‘Did my fa—?’ Luca stopped himself. ‘Did Rico know I was not his son?’
‘He never said, and sometimes I wondered if he had guessed, if that was why he was so angry with you, with me, but really he was angry with me and treated me badly before I was ever unfaithful to him.’
‘And Leo?’ Luca swallowed. ‘When did you tell him?’
‘I didn’t for a long time. He was a man when he returned, and I was married with two children. He was married later too. I was friends with his wife.’ The pain of her secret silenced her for a moment. ‘He ended up being friends with Rico as well. No one knew the man Rico was in private. It was one time, Luca, and a long time ago, not much to ruin so many lives. When Carmella, his wife, died, Leo came over one night. He was chatting to your father and going through albums, talking of his wife, and there was a photo of you there when you got your degree. I remember him looking up at me, his eyes asking me, and I looked away, red and blushing—and from that moment he knew. He must have seen something of himself as a young man in that photo of you.’
‘Have you talked to him about it?’ Luca asked.
‘I spoke with him a few months ago, yet we could not properly talk. He was treating Rico, his friend, but we knew we would talk one day soon.’
‘And have you?’
‘Soon,’ Mia said. ‘Still I have to break his heart by telling him all I have suffered, how you, his son, have suffered over the years.’
‘How do you know it will break his heart?’ he wanted to know.
‘Love does not just go away, Luca.’
‘I know.’ He stared out the window at the Mediterranean.
‘You can push it away, you can deny it, you can make excuses, give reasons, but once love has been born, once it has existed, it cannot simply cease to be.’
There were so many questions, so much more he wanted to know from his mother and from his real father, but he didn’t need those answers right now.
It was Emma he needed to see and regardless of whether or not it was too late he had to tell her, which meant there was someone he had to speak with first.
‘You cannot leave now,’ Mia pointed out as he packed his case. ‘There is mass tonight, one more duty, Luca—for familia…’
‘No, Ma.’ He kissed his mother’s cheek to show he was not angry. ‘My duty is to Emma—she is familia now.’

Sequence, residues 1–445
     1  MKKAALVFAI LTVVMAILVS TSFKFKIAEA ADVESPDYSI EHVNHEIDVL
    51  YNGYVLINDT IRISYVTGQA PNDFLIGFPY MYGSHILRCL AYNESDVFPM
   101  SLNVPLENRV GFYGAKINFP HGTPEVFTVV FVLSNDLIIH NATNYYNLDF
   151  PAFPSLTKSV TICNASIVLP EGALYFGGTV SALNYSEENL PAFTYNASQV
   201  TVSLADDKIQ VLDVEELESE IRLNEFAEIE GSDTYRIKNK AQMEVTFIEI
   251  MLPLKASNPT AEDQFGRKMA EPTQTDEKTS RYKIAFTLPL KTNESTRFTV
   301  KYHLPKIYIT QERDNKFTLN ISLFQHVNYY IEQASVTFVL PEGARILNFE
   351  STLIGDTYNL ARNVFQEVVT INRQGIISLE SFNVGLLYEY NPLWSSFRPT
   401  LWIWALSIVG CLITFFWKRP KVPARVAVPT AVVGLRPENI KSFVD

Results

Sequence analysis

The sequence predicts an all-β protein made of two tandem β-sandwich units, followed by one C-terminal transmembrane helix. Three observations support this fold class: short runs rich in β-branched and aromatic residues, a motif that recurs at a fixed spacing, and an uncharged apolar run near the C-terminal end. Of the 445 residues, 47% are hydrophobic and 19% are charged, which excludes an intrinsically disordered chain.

‘CAN I pay Dad’s account?’
‘Of course.’ The supervisor was unusually friendly as Emma came into the office, just a little bit flushed in the cheeks and, well, just a little nicer. ‘You’ve sold another painting.’
It was actually the supervisor who handed her an envelope with a cheque in it and there was a flurry in her stomach as Emma took it. That feel of her baby moving still caught her by surprise, and she smiled, not just at the kicks from her baby but that she had almost paid her debts—and all by her own hand.
All was well.
She chanted those words over and over to herself and out loud to her baby too at times.
All was well.
Her father’s house had finally sold and she’d found a little flat nearby. Thanks to an excellent reference from Luca, she’d landed a wonderful job for three days a week and once the baby arrived they were happy for her to work a couple of days a week from home, which gave her time to concentrate on her art.
She was getting there.
Not quite thriving, but not just surviving either.
She missed Luca—missed him in her days, in her nights, in her life, and she missed him for their baby too.
But there was nothing she could do about that, so she poured her grief into her artwork and scared herself sometimes with her own mind—painting dark, swirling stories of loss and grief and hope and life.
And she’d sold not one but three paintings!
She’d put one up in her father’s room at the nursing home, which a relative of another resident had liked, and— things had taken off from there.
Oh, they hadn’t sold for vast sums, but they’d keep the baby in nappies and bottles, and Emma knew that they’d be okay.
All was well, she told her kicking stomach.
They really didn’t need Luca.
Want, however, was an entirely different matter.
She walked down the long corridor towards her father and wasn’t really looking forward to it. He’d noticed her swelling stomach these past couple of weeks and unfortunately a stroke and a touch of senility weren’t stopping him from asking awkward questions.
Emma pulled her coat around her and held a massive photo album over her stomach, hoping a few pictures from the past would be enough to distract him.